RGB Light Show (Wired/Wireless)

From Just in Time

We were able to get our hands on a set of par-56 RGB led spots. We thought it would be fun to create a wireless controller for these. While experimenting, we soon found out that you may not want your stage lighting depend on the reliability of a cheap 433Mhz transmitter/receiver pair, so we soon added an option to send the command through a wire as well.

Each controller is based on an ATTiny 2313 and performs PWM control on 3 separate RGB spots (9 channels). Since the whole PWM is controlled through timer interrupts in software, 8 bits is the best resolution we could manage. This is pretty basic for an RGB spot, especially given that our perception of brightness is not linear to the relative pulse widths (or in other words: going from 1/256 to 2/256 pulse has a much bigger effect than moving from 200/256 to 201/256). Note that the schematics are for common-cathode leds, hence the P-channel mosfets.

The software implements 3 faders that control 3 channels each. Every fader uses Bresenham's line algorithm to smoothly change the 3 RGB values from some starting color to an end color, essentially creating a 4D line (R,G,B,time). Interrupt-driven pwm control makes sure that the RGB-values are translated into pulse widths.

top side of the print with 1x4 headers for the rgb-spots, a 2x3 programming header, a push button to program a device address and a 433Mhz receiver


The protocol consists of three stacked protocol layers, from low to high

  • RS-232, 1 start bit, 1 stop bit, 8 data bits. We expect ttl-level at the pins. In essence, the UART input pin of the AVR is connected directly to the data line of the 433 Mhz receiver.
  • Our own packet protocol, with 8 bit addressing and CRC. See the table below.
  • The spotlight command protocol.

packet protocol

packets look like this:

preamble (any sequence of zeros) end-of-preamble (0x55) address (1-255, 0 means broadcast) size-of-data minus one (0-15), upper 4 bits unused data bytes 2 byte CRC

The CRC is a 32 bit xmodem checksum. It covers only the data bytes. In hindsight, it should have covered the address and size byte as well and we may change the protocol some day to do just that

Command bytes

The commands for the spotlight controller are transported as sequences of data bytes inside the packets as described above. Each sequence consists of at least a command byte. Depending on the command, the command byte may be followed by parameters. In general, the most significant 4 bits of the command word describe the command (room for 16 commands), the lower 2 bits may contain a spot number, depending on the command. Arguments in <angle brackets> in the following table are encoded in the lower 2 bits of the command byte.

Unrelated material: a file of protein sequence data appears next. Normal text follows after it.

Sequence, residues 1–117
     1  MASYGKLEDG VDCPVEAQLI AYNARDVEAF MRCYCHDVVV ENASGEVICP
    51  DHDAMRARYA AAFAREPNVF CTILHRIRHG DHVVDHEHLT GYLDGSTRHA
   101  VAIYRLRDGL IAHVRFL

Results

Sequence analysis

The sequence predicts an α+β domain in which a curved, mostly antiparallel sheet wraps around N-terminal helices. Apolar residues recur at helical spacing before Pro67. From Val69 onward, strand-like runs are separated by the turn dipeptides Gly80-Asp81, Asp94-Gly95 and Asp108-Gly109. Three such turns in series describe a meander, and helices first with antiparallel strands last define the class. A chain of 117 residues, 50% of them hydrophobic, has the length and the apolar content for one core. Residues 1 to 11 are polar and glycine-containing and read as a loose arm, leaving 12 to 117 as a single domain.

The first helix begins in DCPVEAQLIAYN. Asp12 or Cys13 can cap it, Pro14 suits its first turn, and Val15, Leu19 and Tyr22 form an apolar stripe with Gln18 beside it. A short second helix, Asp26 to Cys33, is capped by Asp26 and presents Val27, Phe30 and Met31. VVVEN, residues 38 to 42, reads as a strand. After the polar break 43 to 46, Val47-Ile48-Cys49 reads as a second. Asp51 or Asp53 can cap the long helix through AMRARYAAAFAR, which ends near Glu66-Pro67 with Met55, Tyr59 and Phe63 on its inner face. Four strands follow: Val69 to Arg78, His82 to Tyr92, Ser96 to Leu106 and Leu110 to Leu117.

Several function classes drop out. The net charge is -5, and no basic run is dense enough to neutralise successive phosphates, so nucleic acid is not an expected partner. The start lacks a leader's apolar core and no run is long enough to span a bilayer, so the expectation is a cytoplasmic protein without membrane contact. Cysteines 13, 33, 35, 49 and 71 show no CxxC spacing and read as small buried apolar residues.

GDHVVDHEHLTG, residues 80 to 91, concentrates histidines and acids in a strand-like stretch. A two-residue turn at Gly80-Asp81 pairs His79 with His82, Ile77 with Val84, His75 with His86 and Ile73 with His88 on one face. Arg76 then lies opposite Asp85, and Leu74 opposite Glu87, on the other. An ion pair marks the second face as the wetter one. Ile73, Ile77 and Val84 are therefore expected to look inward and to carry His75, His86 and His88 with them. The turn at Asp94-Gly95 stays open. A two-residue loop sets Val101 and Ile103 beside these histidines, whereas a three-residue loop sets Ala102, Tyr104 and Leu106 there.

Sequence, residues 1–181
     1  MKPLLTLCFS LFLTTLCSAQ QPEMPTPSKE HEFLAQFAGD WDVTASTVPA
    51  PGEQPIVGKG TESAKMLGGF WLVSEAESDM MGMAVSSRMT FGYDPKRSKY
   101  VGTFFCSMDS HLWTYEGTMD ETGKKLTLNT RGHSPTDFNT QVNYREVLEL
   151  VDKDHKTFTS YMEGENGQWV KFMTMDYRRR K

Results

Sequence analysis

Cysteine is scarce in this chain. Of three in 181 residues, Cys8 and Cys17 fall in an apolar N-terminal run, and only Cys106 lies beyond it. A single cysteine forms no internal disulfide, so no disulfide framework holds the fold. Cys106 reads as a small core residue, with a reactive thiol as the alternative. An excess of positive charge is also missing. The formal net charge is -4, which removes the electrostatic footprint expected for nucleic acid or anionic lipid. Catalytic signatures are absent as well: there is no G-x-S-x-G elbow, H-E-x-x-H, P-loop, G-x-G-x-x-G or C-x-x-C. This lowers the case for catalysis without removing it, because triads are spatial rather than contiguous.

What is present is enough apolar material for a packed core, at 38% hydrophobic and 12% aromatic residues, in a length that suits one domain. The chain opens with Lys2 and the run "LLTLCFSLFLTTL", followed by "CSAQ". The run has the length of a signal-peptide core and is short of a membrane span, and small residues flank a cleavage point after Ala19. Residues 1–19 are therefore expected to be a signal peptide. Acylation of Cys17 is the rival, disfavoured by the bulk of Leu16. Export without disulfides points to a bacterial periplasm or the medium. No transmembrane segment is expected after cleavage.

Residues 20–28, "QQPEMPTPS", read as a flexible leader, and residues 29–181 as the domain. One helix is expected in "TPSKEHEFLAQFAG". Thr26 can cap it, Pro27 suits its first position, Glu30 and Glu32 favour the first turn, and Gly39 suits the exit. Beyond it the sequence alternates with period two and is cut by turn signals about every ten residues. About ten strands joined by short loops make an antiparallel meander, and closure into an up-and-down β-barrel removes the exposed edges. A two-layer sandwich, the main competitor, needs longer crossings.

value meaning arguments comments
0x90 wait_for_fader <spot> Halt processing further commands until the given fader has finished
0xA0 fade <spot> time red green blue Let the spot fade from its current color to the given one. The time is given in units of 1/50 s and must be in the range 0 - 255.
0xB0 set_initial <spot> red green blue Set the initial (switch-on) values for a spot
0xC0 hold none Pause all faders
0xD0 resume none Resume all faders
0xE0 set <spot> red green blue Immediately set the color for the given spot.
0xF0 address new addres Set the device address if the address button of the controller is pressed simultaneously. This command is typically broadcast to all controllers while the user presses the button on one of them.

Commands are treated as a stream of bytes. That is, a command could be spread over multiple packets and a single packet could contain multiple commands. An example sequence would be:


This sequence consists of 5 commands:

  1. Switch off spot 1 (rgb: 0,0,0)
  2. Set spot 0 to purple (rgb: 255, 0, 255)
  3. Fade spot 1 in 50 ticks (1s) to white
  4. Wait for spot 1 to finish fading
  5. Fade spot 0 in 1s to black


The sources are available at github.

The software implements 6 8-bit pwm channels, R, G and B each for two spots. On top of that is an implementation of Bresenham's algorithm to create automated smooth color transitions. All of this is handled in the AVRs timer interrupt. The UART receive interrupt (USART_RX_vect) handles the packet decoding and puts the payload bytes in a circular buffer.

The main program just picks up the payload bytes, interprets them as commands and programs the faders and LED states accordingly.

Schematic & Board

As stated before, the leds are common-cathode. To keep the control as simple as possible the power is somewhat unorthodox: given a 12V power source, we create one extra 7V source. The 7V acts as GND for the controller, while the 12V line acts as Vcc. This way, the AVR can alternate the gates of the P-channel mosfets between 7V and 12V.

Ledspot schematic.pngLedspot board.png